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2015 Solar Decathlon: ShelteR³

Crowder College, Drury University

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Project Name

2015 Solar Decathlon: ShelteR³

Project Status

Student Work

Year Completed



997 sq. feet


U.S. Department of Energy


  • Team Leaders: Alaa AlRadwan, Mat Stockstill, Jarren Welch, Jonas Gassmann

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Project Description


Disaster Response:

Two pre-fabricated modules (living and kitchen/bath) are whisked via flatbed truck into a community that has been devastated by a natural disaster. The units are craned off the truck and attached together to form a disaster response command center or emergency relief housing. Roof mounted flat solar panels generate electricity and heat. The home or command center is self-sufficient and able to function before power and water are restored. Innovative impact resistant cladding and structural details protect from future storms and lend a sense of safety and security.

Disaster Recovery:

Eventually the community begins to rebuild from disaster and residential housing takes priority over disaster response. The structure is easily adapted to fit these evolving needs. A foundation is laid and the two modules are separated by twenty feet. The resulting space is covered with window walls on both ends to create a gracious living area between the bedrooms and kitchen and bath. Additional solar arrays are added on the roof for increased energy production. The innovative high-impact resistant cladding covers the exterior of both modules to continue to protect occupants from future storms. Cabinetry, customized to the owner's needs, helps separate living areas from the bedrooms. An exterior storage shed is added and helps define the outdoor deck and screen views. Twenty-foot wide sliding doors (with the same armor-like cladding) can be easily closed minutes before a storm, effectively sheltering the central living space and retractable garden wall from high winds and flying debris. The doors slide open once the threat of weather has passed.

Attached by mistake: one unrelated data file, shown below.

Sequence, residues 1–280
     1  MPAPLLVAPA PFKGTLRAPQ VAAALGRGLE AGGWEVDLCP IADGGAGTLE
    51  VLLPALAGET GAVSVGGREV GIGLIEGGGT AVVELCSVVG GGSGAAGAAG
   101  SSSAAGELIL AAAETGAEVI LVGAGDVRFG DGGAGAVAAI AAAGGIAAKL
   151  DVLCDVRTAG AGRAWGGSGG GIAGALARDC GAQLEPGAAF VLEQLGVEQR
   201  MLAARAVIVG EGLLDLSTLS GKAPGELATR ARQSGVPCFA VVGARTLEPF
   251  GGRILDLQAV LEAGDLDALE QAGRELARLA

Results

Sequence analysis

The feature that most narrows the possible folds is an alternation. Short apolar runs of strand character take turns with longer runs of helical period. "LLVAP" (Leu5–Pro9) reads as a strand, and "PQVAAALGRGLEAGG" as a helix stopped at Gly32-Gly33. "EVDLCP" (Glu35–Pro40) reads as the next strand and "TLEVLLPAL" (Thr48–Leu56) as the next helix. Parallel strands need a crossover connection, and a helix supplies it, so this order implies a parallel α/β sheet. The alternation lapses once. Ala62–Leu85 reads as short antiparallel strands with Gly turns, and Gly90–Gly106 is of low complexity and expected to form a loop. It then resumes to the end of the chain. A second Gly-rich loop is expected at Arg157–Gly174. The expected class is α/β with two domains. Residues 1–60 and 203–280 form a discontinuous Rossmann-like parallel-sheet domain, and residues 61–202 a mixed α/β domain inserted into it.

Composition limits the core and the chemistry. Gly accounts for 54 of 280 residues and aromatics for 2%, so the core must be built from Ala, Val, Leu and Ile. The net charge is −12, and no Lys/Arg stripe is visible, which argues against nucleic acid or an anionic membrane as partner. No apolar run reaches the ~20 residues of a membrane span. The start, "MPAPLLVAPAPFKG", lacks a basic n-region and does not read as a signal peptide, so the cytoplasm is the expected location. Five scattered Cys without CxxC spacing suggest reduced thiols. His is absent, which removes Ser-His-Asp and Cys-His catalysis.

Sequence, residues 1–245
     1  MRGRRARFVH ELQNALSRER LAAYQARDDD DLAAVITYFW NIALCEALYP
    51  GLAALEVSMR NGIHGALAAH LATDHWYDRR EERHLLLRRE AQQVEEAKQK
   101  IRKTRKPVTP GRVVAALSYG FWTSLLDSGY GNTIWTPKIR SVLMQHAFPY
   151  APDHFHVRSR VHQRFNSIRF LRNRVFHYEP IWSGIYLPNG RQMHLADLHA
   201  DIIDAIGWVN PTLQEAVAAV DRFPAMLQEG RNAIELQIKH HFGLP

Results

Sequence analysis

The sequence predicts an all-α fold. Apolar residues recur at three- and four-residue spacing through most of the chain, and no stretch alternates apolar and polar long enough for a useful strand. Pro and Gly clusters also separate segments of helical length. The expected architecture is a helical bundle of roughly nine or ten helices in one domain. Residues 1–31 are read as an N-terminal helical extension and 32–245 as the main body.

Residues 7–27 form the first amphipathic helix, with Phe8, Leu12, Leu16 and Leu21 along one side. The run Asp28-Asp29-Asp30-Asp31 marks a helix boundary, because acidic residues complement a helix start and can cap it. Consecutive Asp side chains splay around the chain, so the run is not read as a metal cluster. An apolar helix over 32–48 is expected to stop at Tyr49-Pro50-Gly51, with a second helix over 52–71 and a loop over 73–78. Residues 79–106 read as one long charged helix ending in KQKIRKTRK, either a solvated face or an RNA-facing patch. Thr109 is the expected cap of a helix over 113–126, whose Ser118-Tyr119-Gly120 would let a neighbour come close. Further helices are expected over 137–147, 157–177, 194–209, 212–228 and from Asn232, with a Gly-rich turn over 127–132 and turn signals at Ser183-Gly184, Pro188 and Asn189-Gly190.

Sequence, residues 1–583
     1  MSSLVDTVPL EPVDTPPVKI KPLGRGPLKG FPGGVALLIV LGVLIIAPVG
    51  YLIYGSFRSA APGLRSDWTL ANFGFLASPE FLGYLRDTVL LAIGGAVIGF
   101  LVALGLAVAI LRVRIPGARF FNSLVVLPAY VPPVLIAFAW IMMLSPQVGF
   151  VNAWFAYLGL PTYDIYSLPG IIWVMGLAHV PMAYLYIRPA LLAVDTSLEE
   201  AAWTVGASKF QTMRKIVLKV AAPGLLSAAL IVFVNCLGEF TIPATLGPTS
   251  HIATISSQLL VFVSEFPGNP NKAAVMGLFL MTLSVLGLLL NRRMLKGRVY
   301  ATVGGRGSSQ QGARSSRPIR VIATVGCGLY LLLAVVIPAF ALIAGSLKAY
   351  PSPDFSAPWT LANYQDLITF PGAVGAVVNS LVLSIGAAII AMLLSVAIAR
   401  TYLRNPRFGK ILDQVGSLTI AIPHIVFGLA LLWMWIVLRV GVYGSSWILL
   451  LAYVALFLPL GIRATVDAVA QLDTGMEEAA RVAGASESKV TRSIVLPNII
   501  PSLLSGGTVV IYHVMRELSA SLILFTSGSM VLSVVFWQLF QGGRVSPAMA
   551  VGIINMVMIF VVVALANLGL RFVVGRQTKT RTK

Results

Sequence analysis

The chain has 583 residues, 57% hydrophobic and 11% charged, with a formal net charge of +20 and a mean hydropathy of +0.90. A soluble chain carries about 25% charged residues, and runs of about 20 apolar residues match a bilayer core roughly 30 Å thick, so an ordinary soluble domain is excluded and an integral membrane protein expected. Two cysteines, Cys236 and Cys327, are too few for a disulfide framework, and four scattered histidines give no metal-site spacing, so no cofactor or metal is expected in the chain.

Disaster Resistance:

The house need not be limited to post-disaster scenarios. In disaster-prone zones, the house offers a smart way to prepare for the possibility of storm winds and can be prefabricated or built on site. Innovative technologies can be adapted to new construction design or retro fitted in existing homes.
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